Re-potting a succulent is so easy. There is no need to throw them away and start from scratch.

My method will give you refreshed succulents in no time at all, even if your plants become leggy and tall.

It breaks my heart when I see people throw away succulents that can easily be given a new lease on life.

As succulents grow, they naturally get taller and end up exposing the long stem they have developed.

This long thick stem is called meristem tissue.

This tissue will become anything the plants needs – roots, another stem, new succulent off-shoots.

Although this long stem is not attractive, it is completely normal and has so much potential.

Not to mention, anybody, even a novice gardener, can refresh their succulent containers.

Supplies Needed

Clean hand held pruners

Clean snips

Fresh potting soil for succulents


container (either the one it was already in or a new one)

Steps to Re-pot the Succulent

  1. First, and most importantly, the tools you use need to be clean. I always wipe down my pruners and snips with alcohol before using them on any plant material so that I don’t inadvertently spread disease.
  2. Using the hand held pruners, cut the succulent stalk off at the top of the dirt.
  3. Set the succulent to the side.
  4. Next, if you are planning to re-use the same dirt, remove the stalk piece that is still in the dirt.
  5. Discard this piece in the trash or compost bin as this will not grow a new succulent.
  6. If you are using fresh dirt, just dump the whole stalk and dirt into the trash or compost pile.
  7. Add fresh dirt to your pot.
  8. If your main succulent has developed new baby succulents around the stalk, you will need to trim these off.
  9. Using a pair of snips, trim the babies from the main “mama” plant. You have now propagated your very own new succulents without spending a dime.
  10. Set the baby succulents to the side for the moment.
  11. Create a small hole in the container you are using, and place the mama plant’s stalk into the hole. You may need to trim the stalk by another inch or so before placing it in the hole.
  12. Next, make sure that the succulent is now flush with the top of the soil.
  13. Repeat this process with the baby succulents. You can add these to the same container as the mama succulent or place them in a new container.
  14. Your succulents should establish roots within 10- 14 days.

Photos of the Re-Potting Process

leggy succulent with damaged leaves sitting in pot at kitchen sink - J Dub By Design™
Here is my leggy succulent with a damaged leaf.
trimming the stalk of a leggy succulent while standing at the kitchen sink - J Dub By Design™
First, usuing a pair of pruners or clean snips, cut the stalk away from the base of the plant.
Jennifer Williams pointing to small succulent babies growing off the main plant = J Dub By Design™
The main plant may have also produced baby succulent plants that will also grow into new plants.
trimming baby succulents from the main plant using garden pruners - J Dub By Design™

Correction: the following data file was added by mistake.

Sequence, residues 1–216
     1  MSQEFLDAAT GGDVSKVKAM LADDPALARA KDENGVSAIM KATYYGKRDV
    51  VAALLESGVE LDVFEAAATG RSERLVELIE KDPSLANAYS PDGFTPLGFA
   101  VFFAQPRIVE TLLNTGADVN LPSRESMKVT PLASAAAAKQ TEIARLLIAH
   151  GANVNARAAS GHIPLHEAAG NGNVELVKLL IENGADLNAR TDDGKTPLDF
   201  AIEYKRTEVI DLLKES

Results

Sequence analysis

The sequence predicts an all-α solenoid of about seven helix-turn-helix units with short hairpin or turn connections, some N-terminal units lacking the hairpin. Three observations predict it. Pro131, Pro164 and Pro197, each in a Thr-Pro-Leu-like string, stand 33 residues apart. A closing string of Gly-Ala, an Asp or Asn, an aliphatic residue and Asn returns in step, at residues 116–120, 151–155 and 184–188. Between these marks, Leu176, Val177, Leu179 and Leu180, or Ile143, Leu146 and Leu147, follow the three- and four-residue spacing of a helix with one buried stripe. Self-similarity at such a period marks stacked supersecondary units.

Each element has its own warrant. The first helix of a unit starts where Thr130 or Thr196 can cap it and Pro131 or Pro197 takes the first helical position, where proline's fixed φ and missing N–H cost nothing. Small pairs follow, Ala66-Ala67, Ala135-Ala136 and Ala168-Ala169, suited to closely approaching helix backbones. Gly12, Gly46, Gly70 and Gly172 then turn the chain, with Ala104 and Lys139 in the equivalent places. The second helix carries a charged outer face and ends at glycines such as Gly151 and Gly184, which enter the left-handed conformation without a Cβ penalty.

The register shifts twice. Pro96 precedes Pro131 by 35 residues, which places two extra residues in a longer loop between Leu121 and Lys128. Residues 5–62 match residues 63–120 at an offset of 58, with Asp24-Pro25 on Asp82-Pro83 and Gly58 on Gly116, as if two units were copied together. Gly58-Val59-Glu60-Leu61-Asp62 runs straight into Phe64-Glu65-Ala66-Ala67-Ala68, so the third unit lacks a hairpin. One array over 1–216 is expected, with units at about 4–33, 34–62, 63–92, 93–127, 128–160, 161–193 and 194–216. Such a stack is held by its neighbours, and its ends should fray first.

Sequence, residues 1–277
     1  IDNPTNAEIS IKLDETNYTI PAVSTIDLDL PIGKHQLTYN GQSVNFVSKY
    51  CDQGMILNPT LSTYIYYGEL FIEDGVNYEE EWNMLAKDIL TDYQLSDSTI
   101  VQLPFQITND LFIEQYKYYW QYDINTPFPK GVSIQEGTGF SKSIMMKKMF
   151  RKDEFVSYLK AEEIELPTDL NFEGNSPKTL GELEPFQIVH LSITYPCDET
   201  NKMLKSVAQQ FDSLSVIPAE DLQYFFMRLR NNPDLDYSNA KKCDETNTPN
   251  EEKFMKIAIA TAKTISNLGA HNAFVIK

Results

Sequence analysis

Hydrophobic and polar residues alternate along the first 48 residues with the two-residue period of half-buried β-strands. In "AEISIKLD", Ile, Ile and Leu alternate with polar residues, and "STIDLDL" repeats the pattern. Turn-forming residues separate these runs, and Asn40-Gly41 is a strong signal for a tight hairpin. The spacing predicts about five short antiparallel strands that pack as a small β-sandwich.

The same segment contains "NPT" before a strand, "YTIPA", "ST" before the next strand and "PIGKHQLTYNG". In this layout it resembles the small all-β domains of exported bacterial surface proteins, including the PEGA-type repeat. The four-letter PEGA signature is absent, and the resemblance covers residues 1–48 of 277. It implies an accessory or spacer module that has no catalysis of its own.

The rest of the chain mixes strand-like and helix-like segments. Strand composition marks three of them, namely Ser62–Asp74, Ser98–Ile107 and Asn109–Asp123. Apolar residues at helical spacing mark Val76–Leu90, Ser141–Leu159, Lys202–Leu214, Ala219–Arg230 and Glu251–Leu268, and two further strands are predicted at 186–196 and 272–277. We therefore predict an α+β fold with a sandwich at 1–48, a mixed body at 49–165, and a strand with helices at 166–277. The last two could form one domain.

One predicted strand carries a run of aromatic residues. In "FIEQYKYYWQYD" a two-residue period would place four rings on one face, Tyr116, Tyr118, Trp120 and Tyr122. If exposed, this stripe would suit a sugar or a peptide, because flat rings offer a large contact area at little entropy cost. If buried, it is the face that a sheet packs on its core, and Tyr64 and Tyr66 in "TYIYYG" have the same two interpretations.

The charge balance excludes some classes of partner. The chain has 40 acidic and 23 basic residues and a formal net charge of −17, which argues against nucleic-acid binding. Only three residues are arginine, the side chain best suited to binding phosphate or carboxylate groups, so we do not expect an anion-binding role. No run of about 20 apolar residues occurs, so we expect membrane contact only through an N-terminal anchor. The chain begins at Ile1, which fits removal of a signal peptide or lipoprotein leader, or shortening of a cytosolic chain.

Using clean snips, trim the baby succulents away from the mom.
Jennifer Williams holding three small succulent plants trimmed from the main plant - J Dub By Design™
I was able to harvest three additional succulents from the main plant.
Jennifer Williams pointing to healthy meristem tissue of a succulent - J Dub By Design™
The long stalk of the main plant is called meristem tissue.
removing a succulent stalk from a pot - J Dub By Design™
Remove the stalk that is left in the dirt.
holding a succulent stalk in the palm of my hand - J Dub By Design™
You will discard this piece in the trash.
re-potting a freshly trimmed succulent - J Dub By Design™
Re-pot the succulent into the pot and add fresh dirt. Make sure to place the stem far into the dirt so that the succulent is almost parallel with the dirt.
watering a newly planted succulent at the kitchen sink - J Dub By Design™
Add a few drops of water and watch your newly re-potted succulent flourish.

Tips and Tricks

  1. If your container has a drainage hole, water the newly planted succulent and allow it to drain. Do not water again until the soil of the newly planted succulent is completely dried out. It is extremely important not to over water. Overwatering your succulent will cause root rot.
  2. If your container does not have a drainage hole, just give the succulent a few drops of water at the base. Do not drench the succulent as the water will have no place to go and this will cause root rot.

VOILÁ! You have just given your succulents a new lease on life.

You can do this process with ANY succulent container you own. Every year, I refresh the “W” when the plants get so happy they grow out of the container. I do not buy new succulents to replace them. I simply trim and re-pot them back into the “W”.

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a freshly re-potted succulent with three baby succulents - J Dub By Design™
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